Phoenix resident Tony Simington ("That's with an i," he says so as to avoid confusion with Fife) is standing in line with his girlfriend, Shavonna. They're in for a brutal haul to Texas. He's carrying pillows, an extra pair of boots, suitcases and a large paper bag. He has a Texas twang in his hurried speech and his girlfriend doesn't say a word, only nods along occasionally.
"I'm going to Dallas/Fort Worth, it's 22 damn hours. We're comin' back on Monday. Forty-four hours on a bus so I can spend 72 hours with my family," Simington says.
With his translucent, malnourished glow and a soul patch, Simington resembles Kurt Cobain. He speaks forthrightly about the things which get on his nerves during bus travel, and in doing so insults nearly everyone within earshot.
"Just a hell of minorities," Simington says to a congregation of Latinos, Native Americans, Blacks and children. "Kids for the most part, they really suck."
A nearly indecipherable voice over the terminal's intercom periodically punches through the calm with a force to shake any out of slumber. Perhaps this unforgivable sound system is intentional? "Connection points to Los Angeles through door number three," the tortured PA shrieks.
In the room's center, a TV flickers silent, slow images as a group of travelers stare, as if trying to approximate its meaning. Nothing can break the screen's Real TV/COPS spell, its soundless fascination.
Munching a muffin, 64-year-old bus-driving vet Ron deNapoli, dressed smartly in Greyhound attire, surveys the terminal scene. His job description is reflected in his appearance--a perennial central-casting bus captain if there ever was one--and he speaks in a friendly but flat been-there-done-that tone.
"I have been driving a bus for 36 years. And you get all kinds on bus travel. One time we had a lady so fat she got stuck in the bus' rest room," he says with a chortle. "It took two cops to get her out of there."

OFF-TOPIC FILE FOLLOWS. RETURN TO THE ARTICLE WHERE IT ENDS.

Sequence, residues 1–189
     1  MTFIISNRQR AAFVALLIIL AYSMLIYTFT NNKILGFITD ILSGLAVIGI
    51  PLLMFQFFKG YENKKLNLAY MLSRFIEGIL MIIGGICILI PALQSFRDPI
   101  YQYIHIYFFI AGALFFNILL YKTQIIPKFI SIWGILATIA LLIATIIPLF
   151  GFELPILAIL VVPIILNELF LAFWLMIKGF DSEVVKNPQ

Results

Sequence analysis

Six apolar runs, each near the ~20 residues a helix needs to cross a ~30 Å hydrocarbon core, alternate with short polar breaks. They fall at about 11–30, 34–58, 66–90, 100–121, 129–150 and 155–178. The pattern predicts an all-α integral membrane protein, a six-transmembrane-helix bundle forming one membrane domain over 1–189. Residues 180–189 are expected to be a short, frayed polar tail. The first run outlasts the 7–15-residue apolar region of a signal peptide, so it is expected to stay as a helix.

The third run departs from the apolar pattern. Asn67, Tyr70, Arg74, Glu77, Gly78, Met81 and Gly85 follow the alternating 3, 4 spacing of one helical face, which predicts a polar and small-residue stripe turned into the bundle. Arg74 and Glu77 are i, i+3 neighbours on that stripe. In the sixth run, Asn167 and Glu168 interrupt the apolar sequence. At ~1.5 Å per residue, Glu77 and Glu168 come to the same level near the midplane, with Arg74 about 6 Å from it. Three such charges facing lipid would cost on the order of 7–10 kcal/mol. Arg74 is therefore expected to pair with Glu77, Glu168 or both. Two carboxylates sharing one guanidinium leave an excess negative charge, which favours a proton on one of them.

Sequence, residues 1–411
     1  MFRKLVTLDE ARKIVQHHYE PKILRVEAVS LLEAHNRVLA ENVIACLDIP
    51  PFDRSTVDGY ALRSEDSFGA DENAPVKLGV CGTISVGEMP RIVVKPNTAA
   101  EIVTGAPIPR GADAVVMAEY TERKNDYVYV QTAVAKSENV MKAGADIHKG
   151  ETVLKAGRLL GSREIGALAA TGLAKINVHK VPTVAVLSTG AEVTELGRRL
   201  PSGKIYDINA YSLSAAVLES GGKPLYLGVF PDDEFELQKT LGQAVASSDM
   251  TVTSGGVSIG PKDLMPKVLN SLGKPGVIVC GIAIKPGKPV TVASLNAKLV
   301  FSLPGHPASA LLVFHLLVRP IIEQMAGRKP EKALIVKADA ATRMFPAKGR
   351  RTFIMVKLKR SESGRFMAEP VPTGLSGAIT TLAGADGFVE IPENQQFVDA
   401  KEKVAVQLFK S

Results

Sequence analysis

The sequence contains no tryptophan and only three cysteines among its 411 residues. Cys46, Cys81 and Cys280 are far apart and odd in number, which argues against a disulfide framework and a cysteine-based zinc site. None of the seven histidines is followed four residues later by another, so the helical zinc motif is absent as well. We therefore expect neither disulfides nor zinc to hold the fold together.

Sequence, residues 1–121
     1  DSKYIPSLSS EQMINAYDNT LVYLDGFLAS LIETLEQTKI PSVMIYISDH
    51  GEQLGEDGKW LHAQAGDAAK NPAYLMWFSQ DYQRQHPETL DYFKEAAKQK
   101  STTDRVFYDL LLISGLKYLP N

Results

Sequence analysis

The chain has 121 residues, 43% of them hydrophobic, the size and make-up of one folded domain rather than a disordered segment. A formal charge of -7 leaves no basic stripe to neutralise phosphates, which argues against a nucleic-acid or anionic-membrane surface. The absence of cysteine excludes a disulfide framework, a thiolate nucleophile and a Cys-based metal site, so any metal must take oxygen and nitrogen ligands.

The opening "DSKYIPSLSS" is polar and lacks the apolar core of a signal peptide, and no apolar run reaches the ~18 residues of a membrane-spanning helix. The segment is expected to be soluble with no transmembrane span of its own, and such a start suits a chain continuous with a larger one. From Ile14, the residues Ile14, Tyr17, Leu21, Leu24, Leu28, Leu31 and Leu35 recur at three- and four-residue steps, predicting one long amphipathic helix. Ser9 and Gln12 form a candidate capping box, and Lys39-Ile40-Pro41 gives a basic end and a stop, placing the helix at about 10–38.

Here comes Glory again. This time his eyes are direct, unsparing, scary. He moves in on a woman sitting just a few feet from me. He really wants something from her. The woman appears to be on the downside of beauty, with dirty red, shoulder-length hair and round, green eyes. She is reading a paperback, Tom Clancy or something.
Glory sits down next to her and offers up his patented, saucy gibe.
"I believe I got what you need, sister," he says, the words rattling through that horrible grin. "I got spir-it-choo-al-i-tee."
The women, disgusted, gets up, picks up her baggage and moves to stand at door number nine, portal to the next bus to Dallas. Glory shakes his head, stands, and shuffles over to the pay phones with his tired suitcase.
Whom would he call?
Ah, bus travel. An eerie romanticism floats around it, a sentiment discernible even here in Phoenix. The company now known as Greyhound was born in 1914 in Minnesota. Driving a seven-seat Hupmobile, Swedish immigrant Carl Eric Wickman began taking miners between two Minnesota towns for 15 cents one way, a quarter round trip.
Now Greyhound takes women and children away from abusive lovers, husbands and fathers; hopeful parolees to some inner peace and autonomy; young couples with newborns to new lives in Tucson or Tennessee. Greyhound reunites moms with daughters, dads with sons, husbands with wives.
And if nothing else, the thrill of yet another cluster of lights on the horizon from places called Lordsburg, Las Cruces or Los Alamos could be enough; where romantic dreams of Kerouac's railroad earth, all-night diners, and 2 a.m. stretches of road are metaphors for self-discovery. Metaphors for a kind of glory.